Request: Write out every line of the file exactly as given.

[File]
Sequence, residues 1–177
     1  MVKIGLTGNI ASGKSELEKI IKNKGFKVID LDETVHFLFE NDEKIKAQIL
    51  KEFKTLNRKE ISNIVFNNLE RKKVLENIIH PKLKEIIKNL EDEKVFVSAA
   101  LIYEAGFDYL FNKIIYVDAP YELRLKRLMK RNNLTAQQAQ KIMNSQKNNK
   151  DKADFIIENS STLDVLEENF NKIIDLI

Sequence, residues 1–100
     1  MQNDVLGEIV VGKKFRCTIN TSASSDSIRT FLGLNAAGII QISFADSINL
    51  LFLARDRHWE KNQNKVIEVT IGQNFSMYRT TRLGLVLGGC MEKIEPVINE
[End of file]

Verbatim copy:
Sequence, residues 1–177
     1  MVKIGLTGNI ASGKSELEKI IKNKGFKVID LDETVHFLFE NDEKIKAQIL
    51  KEFKTLNRKE ISNIVFNNLE RKKVLENIIH PKLKEIIKNL EDEKVFVSAA
   101  LIYEAGFDYL FNKIIYVDAP YELRLKRLMK RNNLTAQQAQ KIMNSQKNNK
   151  DKADFIIENS STLDVLEENF NKIIDLI

Sequence, residues 1–100
     1  MQNDVLGEIV VGKKFRCTIN TSASSDSIRT FLGLNAAGII QISFADSINL
    51  LFLARDRHWE KNQNKVIEVT IGQNFSMYRT TRLGLVLGGC MEKIEPVINE